Of course, as we share this time together, outside the growing pains continue for a country that’s still growing up. A woman’s right to choose is being rolled back. Book banning is more fashionable than ever among certain crowds. Recession looms. The opportunity for those in the LGBTQIA+ community to be who they are is under constant siege. The world isn’t getting any cooler. So far, there have been over three dozen school shootings across the country. Of course, the school year isn’t over yet.

This summary of the past four years might seem a long way from the carefree sound of The Grateful Dead and less than inspiring as a commencement address, but please bear with me. This will all make sense in the end.

I hope.

I bring all of this stuff up because, despite the dark times we’ve shared over the past four years and the difficulties that remain, your advancement from high school into adulthood fills me with hope.

You are leaving high school at a time when adulthood sorely needs a shot in the arm. Many of us have had our COVID-19 jabs, but the vaccine I speak of is far different from those provided by physicians and nurses. Adulthood requires a treatment that deals with the cooccurring infections of inflexibility, complacency, and smugness.

The graduating class of 2022 is the perfect antidote to these problems. By virtue of your being here today as successful graduates, you have demonstrated the sort of flexibility, passion, and humility required to survive and thrive in the post-pandemic, adult world. 

As you enter that world, here’s a bit of unsolicited advice.

1. Show the generations ahead of you how to act like adults again.

Over the past few years, I’ve felt an incredible sense of shame as the adults in my life – myself included – have failed to set a decent example for kids and teens. After you’ve turned your graduation tassels from the right to the left side of your caps, go forth and raise a higher standard. Make old farts like me ashamed of how we’ve acted, and show us a better way forward. Please.

2. Be weird, and reject “normal.”

As the great gonzo journalist Hunter S. Thompson once said, “When the going gets weird, the weird turn pro.” The going has been weird for a long time, presenting unexpected challenge after unexpected challenge. The folks who navigated these challenges most successfully were those who rejected any notion of, “I just want things to be normal.” They leaned into the weirdness, learned to adapt and innovate, and got weirder. Normal is the enemy of progress and a breeding ground for complacency and getting a little too comfortable.

3. Question authority.

Just like the popular bumper sticker says. It’s an idea that dates back to Socrates, though, and he didn’t even own a car. You’ll find lots of adults who clutch their pearls and wring their hands when the idea comes up. Chances are they are the ones whose ideas won’t stand up to questioning. Push back on ideas and opinions that punch down and marginalize. If something seems too easy, too trite, or too glib, have the hard conversation. But do it with sound evidence in one hand and plenty of patience in the other.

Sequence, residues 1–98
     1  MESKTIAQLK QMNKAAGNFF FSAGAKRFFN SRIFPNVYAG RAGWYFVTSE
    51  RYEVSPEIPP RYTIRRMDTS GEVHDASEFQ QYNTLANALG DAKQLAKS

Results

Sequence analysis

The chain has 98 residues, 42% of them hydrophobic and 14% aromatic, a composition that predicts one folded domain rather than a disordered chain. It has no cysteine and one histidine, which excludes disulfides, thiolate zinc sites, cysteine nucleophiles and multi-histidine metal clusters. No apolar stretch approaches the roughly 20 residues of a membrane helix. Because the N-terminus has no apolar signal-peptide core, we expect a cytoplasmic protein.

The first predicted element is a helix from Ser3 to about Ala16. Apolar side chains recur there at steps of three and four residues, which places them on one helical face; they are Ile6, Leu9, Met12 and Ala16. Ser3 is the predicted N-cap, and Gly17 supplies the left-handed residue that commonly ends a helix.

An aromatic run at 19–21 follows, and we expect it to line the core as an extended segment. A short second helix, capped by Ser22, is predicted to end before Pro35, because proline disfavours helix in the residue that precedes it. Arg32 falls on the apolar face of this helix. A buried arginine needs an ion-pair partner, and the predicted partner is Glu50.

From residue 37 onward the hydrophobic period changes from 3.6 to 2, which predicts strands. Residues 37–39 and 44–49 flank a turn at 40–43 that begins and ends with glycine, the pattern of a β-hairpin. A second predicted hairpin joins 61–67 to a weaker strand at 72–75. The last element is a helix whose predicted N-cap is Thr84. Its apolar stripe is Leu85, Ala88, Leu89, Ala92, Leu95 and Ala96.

4. Challenge yourself.

Do things you think you don’t like. Expand your horizons. Take chances. Listen to music you’ve never made time for. Read a horror novel if you’re only into historical non-fiction, or get into a bit of poetry if you only read hard sci-fi. Watch a silent film if you mostly enjoy the MCU, or take a chance on some z-grade schlock if you only watch Oscar winners. I recommend Suburban Sasquatch. Whatever it is, the point is this: be open to new ideas and different ways of doing things. This goes well beyond your pop culture consumption, too. Explore the amazingly diverse cultures of our world, and discover the traditions, foods, and ways of living of those who are not just like you.

5. Get back truckin’ on.

Here’s where it comes full circle. The end meets the beginning, and it all comes together and makes perfect sense.


If life is a highway, as some have said, you are all licensed truckers. You’ve driven over highways under construction; taken detours on some of the narrowest, windiest dirt roads there are; cruised down freshly paved stretches of asphalt; made emergency pitstops; pulled into the gas station on fumes; broken down and made difficult repairs; and pulled off to the side for quick naps. 

Each of you is in the driver’s seat, and in a few minutes, you’re going to shift your rig into high gear and pull onto a 12-lane highway. 

The speed limit will change unexpectedly. Don’t go too fast or too slow. Stick to the speed that works in your situation. 

Directions will change. That’s ok. There’s more than one way to get where you’re going. And if you don’t know where you’re going, that’s cool too. You’ll still wind up somewhere.

And lanes are going to merge. Plan in advance to be in a good spot. Be mindful of those ahead of you, behind you, and beside you. There’s plenty of room on the road for everyone. Don’t be the one who clogs things up.

I think I’ve strangled enough metaphor out of a Grateful Dead song for one day. So I’ll wrap up now. But one last thing before I go: it could be anyone sitting up there, draped in caps and gowns, proudly holding diplomas, smiling as you prepare to embrace the future. But it’s not just anyone. It’s you, and I’m so glad it is.

It’s time to start another long, strange trip. Keep on truckin’.